The Nazi Legacy: Klaus Barbie and the International Fascist Connection
by Magnus Linklater, by Isabel Hilton, by Neal Ascherson
Holt, Rinehart and Winston, 355 pp., $17.95
by Ladislas de Hoyos, translated by Nicholas Courtin
W.H. Allen (London), 310 pp., £10.95
The Children of Izieu
edited by Serge Klarsfeld
Harry N. Abrams, 128 pp., $9.95 (paper)
For well over two years former SS Hauptsturmführer Klaus Barbie, indicted for crimes against humanity committed during World War II, has been confined in Lyons’ St. Joseph Prison, close to the former Gestapo headquarters where he conducted his tortures. Every few months a brief story in the French press reports on the prisoner’s fluctuating health (he was recently slipped a dose of floorcleaning compound instead of his daily medicine, and suffered mouth burns), and surmises that his trial will probably take place this fall. But no court date has officially been set, and the euphoria that swept France at the time of Barbie’s extradition from Bolivia has been replaced by a wary indifference. There has been a growing sense that life imprisonment is sufficient punishment; that the seventytwo-year-old former SS man should be allowed to live out his last years in his cell, untried, rather than awaken the bitterness of the occupation years in a court of law.
The prospect that once elated many French people—that Barbie would be tried for the torture and murder of Jean Moulin and other members of the Resistance—has been eliminated. French law imposes a twenty-year statute of limitations on war crimes, and therefore Barbie can no longer be tried for the atrocities he committed against the Resistance. He can only be tried for “crimes against humanity,” that is, against innocent, unarmed civilians. The eight charges originally brought against Barbie have been reduced to three, and they deal solely with his part in the deportation of some 780 Jews to the concentration camps of Auschwitz and Ravensbruck. By restricting itself to Barbie’s crimes against Jews his trial threatens to unmask numbers of French citizens who thrived as informers in Barbie’s employ. It could bring into the open an issue particularly painful to the French: to one degree or another, many collaborated in carrying out the Final Solution, and did so with a zeal equaled only in occupied nations (Hungary, Romania) that had already been allied with Germany before the war.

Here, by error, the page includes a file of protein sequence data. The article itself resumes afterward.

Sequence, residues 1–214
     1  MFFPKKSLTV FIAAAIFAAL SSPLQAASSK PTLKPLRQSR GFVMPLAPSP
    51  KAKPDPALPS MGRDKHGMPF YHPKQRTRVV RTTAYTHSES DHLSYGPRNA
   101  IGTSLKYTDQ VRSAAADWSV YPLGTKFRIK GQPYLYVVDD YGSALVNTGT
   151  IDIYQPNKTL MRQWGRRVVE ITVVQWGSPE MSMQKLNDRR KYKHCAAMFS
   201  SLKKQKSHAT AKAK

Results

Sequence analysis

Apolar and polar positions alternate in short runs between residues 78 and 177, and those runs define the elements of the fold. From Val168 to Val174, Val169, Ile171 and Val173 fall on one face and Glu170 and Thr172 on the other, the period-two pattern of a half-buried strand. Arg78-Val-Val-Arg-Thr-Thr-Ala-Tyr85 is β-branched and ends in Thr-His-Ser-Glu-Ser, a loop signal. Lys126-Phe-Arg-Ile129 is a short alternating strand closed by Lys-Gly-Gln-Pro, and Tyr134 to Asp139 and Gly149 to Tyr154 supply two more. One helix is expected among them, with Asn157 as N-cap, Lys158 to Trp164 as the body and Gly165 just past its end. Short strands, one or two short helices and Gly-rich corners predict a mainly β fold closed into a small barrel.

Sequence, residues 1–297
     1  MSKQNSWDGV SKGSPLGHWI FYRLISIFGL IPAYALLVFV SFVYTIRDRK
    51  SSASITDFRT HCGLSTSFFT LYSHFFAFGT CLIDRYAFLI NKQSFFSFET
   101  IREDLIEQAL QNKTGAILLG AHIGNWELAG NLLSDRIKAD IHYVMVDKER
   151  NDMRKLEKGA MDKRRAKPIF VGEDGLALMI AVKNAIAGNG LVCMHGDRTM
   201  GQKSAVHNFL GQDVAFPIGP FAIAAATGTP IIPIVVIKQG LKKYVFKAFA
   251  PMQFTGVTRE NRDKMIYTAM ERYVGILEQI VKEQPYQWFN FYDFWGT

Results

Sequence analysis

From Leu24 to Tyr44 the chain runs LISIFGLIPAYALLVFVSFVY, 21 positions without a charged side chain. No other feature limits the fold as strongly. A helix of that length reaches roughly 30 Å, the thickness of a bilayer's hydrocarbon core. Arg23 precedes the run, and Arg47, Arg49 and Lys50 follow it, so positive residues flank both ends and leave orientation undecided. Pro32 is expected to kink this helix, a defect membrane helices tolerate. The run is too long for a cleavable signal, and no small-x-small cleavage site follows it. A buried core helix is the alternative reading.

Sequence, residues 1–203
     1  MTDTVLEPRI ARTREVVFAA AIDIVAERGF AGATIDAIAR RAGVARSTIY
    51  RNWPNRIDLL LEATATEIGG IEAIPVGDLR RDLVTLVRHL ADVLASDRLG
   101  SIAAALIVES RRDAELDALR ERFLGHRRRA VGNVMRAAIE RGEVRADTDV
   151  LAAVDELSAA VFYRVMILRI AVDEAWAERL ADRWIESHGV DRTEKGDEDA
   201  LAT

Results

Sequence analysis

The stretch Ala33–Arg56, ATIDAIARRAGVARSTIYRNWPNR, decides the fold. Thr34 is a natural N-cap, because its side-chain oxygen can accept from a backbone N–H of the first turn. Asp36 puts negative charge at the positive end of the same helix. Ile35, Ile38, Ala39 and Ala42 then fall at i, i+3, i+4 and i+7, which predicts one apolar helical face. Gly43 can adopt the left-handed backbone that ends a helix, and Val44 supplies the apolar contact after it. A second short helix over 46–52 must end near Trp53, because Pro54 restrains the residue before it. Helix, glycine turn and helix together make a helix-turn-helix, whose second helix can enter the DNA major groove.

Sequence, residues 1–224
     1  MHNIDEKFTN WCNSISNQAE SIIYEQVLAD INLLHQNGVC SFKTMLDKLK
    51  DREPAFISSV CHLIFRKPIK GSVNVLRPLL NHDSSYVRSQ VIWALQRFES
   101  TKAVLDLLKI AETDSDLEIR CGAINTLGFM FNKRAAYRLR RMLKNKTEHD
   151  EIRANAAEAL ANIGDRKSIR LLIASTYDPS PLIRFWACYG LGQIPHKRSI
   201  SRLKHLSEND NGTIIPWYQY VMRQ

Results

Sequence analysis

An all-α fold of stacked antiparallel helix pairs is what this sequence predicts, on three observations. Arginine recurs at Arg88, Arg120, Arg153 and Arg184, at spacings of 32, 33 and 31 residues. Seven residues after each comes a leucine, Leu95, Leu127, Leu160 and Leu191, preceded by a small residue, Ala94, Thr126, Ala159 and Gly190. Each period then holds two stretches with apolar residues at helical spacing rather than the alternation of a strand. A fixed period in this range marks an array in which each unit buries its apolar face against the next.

The slow pace—some think deliberately slow—of Barbie’s prosecution has given publishers time to issue a number of books on Barbie. Several of them belong to the familiar genre of S & M pornography disguised as Nazi history; they show the “Butcher of Lyons” as an archetypal SS monster, fondling women on his lap while whipping his victims, calling into his interrogation rooms naked blondes and German shepherd dogs trained for bestiality. By contrast, The Nazi Legacy: Klaus Barbie and the International Fascist Connection, written by three gifted and scrupulous British journalists, is the first complete account of Barbie’s fifty-year career in international crime. It is also a brilliant case study of how the Nazi ideology and techniques were exported throughout Latin America after the war and how this activity was abetted by the Western democratic powers, particularly the United States.
Who, precisely, was Klaus Barbie? What led him to become, if not a high executive …
The Bologna Bombing November 7, 1985